… 1,400 m afar from the harbor of Larnaca in Cyprus, the former RORO ferry Zenobia lies on sandy ground in a depth of approx. 40 meters. The sleeping beauty is one of the biggest diveable wrecks of the Mediterranean and has some unraveled mystery about the reason that led to her sinking.
story of the ship
The ZENOBIA was the flagship (length 172 m long, width 23 m) of the Challenger-class of 3 RoRo ferries (RollOn-RollOff ferries) and was delivered at the end of 1979 by the yard Kockums in Malmö (Sweden) to the owner, the shipping company AB Nordö. The vessel started its service with its maiden voyage on 04 May 1980 from Malmö to start ferry traffic on the Greece Syria Express Line. The route originally went from Volos (Greece) over Tartous (Syria), where the Zenobia would be joined by the ferries „Falster“ and „Skandinavia“. These ferries, both former Scandinavian ferries on the Puttgarden-Rödby (Denmark) route, were replaced later. In January 1980, the route of the Zenobia was changed, due to the new addition of Koper (Slovenia) to the route. On 22 May 1980, the Zenobia passed through the straits of Gibraltar and entered the mediterranean sea for the first and unfortunately the last time.
The Zenobia sank on her maiden voyage, shortly before the end of its crossing from Koper via Volos to Syria at the harbor of Larnaca (Cyprus). There are at least 2 theories about the reason that led to the downfall of the Zenobia.
the sinking of the ship
In the early morning of 02 June 1980, a massive inclination of the ship by more than 40 degrees was noticed. This had to be connected with a computer-controlled error in the ballast system. In the following 5 days, everything was tried to save the ferry from sinking. In the meantime, a service team succeeded in reducing the inclination of the ship to approx. 2 degrees. But after a renewed, inexplicable inclination of the ferry by more than 40 degrees, the cargo of 104 trucks slipped and the ship could no longer be saved. On the 07 June 1980, 1400 meters ahead of the harbor entrance of Larnaca, the ferry sank with its whole cargo at approx. 2 o’clock in the morning.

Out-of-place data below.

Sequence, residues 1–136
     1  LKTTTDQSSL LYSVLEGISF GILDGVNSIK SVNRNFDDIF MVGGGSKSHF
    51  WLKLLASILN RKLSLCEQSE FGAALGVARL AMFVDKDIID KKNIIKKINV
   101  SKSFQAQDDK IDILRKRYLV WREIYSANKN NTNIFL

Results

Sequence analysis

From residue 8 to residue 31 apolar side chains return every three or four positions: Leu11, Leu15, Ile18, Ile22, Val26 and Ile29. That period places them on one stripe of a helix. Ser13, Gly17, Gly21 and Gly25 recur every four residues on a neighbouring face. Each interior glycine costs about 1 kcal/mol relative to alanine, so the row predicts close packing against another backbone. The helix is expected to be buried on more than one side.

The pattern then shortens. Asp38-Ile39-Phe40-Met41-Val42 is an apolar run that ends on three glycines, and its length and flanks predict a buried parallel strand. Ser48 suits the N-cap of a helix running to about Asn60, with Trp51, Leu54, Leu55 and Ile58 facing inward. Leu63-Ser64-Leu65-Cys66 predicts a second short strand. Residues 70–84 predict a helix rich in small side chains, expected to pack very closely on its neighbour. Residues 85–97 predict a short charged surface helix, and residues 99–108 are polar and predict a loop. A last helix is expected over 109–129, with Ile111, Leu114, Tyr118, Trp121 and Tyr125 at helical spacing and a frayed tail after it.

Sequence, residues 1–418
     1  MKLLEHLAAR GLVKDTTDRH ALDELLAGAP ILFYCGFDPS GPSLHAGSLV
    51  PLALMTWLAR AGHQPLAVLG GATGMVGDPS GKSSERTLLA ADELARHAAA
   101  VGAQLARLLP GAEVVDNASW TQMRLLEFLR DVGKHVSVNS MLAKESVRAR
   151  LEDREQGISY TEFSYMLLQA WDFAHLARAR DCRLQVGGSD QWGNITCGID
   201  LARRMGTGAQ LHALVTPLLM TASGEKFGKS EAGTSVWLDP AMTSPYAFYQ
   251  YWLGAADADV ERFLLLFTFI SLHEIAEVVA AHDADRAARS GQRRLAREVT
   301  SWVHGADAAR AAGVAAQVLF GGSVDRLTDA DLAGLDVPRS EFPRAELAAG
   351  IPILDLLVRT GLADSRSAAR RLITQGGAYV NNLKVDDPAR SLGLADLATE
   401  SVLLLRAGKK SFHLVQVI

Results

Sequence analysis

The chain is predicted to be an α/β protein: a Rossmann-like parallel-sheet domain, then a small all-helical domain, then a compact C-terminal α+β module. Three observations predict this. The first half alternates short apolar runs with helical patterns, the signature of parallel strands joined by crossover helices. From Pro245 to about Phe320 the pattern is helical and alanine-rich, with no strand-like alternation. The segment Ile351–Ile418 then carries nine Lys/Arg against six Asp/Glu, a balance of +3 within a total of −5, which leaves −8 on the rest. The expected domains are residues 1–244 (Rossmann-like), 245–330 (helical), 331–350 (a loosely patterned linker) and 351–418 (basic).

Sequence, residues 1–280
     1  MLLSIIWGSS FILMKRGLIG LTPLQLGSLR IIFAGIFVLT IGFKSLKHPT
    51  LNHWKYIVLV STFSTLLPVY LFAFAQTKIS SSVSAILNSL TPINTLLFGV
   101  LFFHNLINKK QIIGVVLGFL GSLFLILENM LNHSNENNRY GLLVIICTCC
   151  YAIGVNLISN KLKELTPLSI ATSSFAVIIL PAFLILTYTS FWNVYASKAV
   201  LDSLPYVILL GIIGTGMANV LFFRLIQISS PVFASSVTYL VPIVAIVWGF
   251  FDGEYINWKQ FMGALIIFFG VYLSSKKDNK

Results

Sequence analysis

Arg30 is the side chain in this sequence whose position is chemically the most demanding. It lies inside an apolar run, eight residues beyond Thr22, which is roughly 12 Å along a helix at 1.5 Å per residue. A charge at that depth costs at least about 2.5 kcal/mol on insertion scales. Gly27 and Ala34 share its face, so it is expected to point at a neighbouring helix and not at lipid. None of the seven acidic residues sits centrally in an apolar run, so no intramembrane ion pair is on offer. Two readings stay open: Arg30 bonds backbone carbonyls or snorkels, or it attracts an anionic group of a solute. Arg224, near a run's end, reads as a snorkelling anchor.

How does such a ballast system work? It is an assumption that such ferries can`t be loaded evenly. And to compensate for this, the ferries are equipped with ballast tanks, which are filled with water, to bring the whole ship into a straight position if necessary. This is done automatically by a computer on board, which is supposed to bring the ship back into balance. Depending on the inclination of the ship, the computer ensures fast or slow filling of the ballast tanks on the lighter side. Evil tongues claim that the computer wasn`t connected correctly. This is one theory that leads to the sunk of the Zenobia.
story by an eyewitness
One source, which is handled secretly, but seems to be authentic, tells a different story. A passenger of the ferry saw this during the disaster: the ship came from Volos (Greece) and a stop in Larnaca (Cyprus) was not planned. Since the summer weather and a calm sea prevailed no or only a little ballast, water had been loaded. Due to seamanly incompetence, the computer-controlled ballast system was switched to manual handling. The ship was steered away from the coast in a sharp maneuver. Due to the high center of gravity „listed the ship portside“ which means capsized. A possible explanation, why the autopilot was switched to manual control, is unknown. However, it is quite conceivable that someone in the steering position could want to correct his fatal mistake and thus consign the ship to sink. So the history of the wrongly connected computers for the ballast tanks would only be a nice but distracting story.
diving the wreck
Today, however, the Zenobia is an attraction and to thus who dive the wreck, a challenge. In the harbor of Larnaca, the divers start their adventure onboard of dive boats. The transfer to the wreck takes only a few minutes. The Zenobia lies on its port side on a sandbank at a depth of up to 43 meters. The wreck is usually submerged by one of the thick ropes attached to the railing of the Zenobia, to which the dive boats usually moor. Already from the surface, the view falls on the wreck in the depth. This view alone is worth it.